I am Generation Equality because…
“I believe that the opportunity for equality starts at the time of our birth. We are born equal, we all deserve the same love, we deserve equal rights and opportunities.
Very early on, I was expected to let my parents find me a “good” boy to marry and have children with. However, I had a different dream for myself. Since I was eight years old, I wanted to fly planes.
I am Generation Equality because I believe that all girls everywhere need allies to help them dream, help them see the world, not only for what it is but for what it can become.
Breaking the glass ceiling…
A woman becoming a pilot was considered a non-traditional career option in the early 90’s. One of the reasons my parents were so hesitant about me [becoming a pilot] was that they’d never heard of a female pilot before. When I joined Air India [in 2004], I was only the fifth female pilot the airline had ever employed!
There were many unique social pressures that women faced in this industry when I started out. Many airlines didn’t want to extend maternity leave to their female employees and feared that women would leave the workforce upon childbirth. Today, female pilots take up 12.4 per cent of the airspace in India, much higher than the global average of a mere 5.4 per cent. While we still struggle for gender equality, this is a big win.
Billions of people across the world stand on the right side of history every day. They speak up, take a stand, mobilize, and take big and small actions to advance women’s rights. This is Generation Equality.
Ultimately, the plane knows no gender, physics knows no gender. The machine doesn’t know whether it’s being flown by a woman or a man. The flight itself boils down to your skills, and not your gender. The fight, however, remains rooted in doing away with the archaic notions of what women and girls can and cannot do.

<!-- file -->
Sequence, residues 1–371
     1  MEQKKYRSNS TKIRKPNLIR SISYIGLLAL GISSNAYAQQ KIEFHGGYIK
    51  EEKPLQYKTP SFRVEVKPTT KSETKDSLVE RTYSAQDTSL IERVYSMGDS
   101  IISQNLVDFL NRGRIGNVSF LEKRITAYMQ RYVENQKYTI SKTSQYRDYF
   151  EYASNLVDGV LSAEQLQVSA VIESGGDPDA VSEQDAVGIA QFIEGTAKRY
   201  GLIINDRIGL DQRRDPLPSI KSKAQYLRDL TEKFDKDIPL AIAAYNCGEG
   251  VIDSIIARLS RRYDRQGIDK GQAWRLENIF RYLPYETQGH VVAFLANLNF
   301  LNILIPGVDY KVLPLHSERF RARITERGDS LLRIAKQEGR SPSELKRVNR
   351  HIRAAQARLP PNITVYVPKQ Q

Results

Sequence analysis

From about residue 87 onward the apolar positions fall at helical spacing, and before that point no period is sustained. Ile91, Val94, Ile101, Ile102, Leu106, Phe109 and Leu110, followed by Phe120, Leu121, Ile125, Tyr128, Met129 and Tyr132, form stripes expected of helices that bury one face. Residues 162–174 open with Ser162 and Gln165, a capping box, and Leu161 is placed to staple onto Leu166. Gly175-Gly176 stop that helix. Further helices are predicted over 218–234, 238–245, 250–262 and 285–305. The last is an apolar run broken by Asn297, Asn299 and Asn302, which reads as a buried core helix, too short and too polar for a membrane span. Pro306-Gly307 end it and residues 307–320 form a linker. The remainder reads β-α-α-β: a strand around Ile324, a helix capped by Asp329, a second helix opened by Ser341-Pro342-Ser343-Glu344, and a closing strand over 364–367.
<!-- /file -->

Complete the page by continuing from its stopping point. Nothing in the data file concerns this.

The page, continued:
Boeing CEO, Dennis Muilenburg believes a growing shortage of pilots represents “one of the biggest challenges” facing the airline industry. We need to prepare our girls and we need to start now. We have to go to the schools and encourage our children to be captains, leaders, and change makers. We need to promote STEM education in ways that are interesting, engaging and [does not give the impression that they are only for boys and men]. We need to show young girls [role models] of what they can become, drive home the point that they are capable of pursuing any dream. Give them wings and watch them fly.
On the front-lines of COVID-19
COVID-19 has brought mass devastation but has also been an important teacher, teaching us all the value of community.
I volunteered to be one of the front-line pilots responsible for bringing back Indian nationals to their country during the pandemic. Everyone was scared and anxious. Our first evacuation flight was on Mother’s Day; I was the pilot in command. I remember the anxiety my mother felt knowing that I was flying in the middle of a global pandemic. It was the thought of the people in the flight who were on their way to be reunited with their families that kept me going.
As soon as I landed in Mumbai the aircraft broke into applause. I remember walking out with my team and seeing people crying and clapping. When your job has that kind of an impact on people, you’re driven to do more.”
Captain Zoya Sapra Aggarwal is a commercial pilot and the commander with Air India, TED speaker and an inspiration to young women and girls in India and everywhere. In 2013, she became the youngest female pilot to fly a Boeing-777. In January 2021, she made another milestone by commanding an all-women team of pilots to fly Air India’s longest non-stop commercial flight from San Francisco, USA to Bengaluru, India. She been pointed to the Aerotime Global Advisory Board in recognition of her significant role in the aviation industry. UN Women spoke to Captain Zoya for Youth Day 2021.
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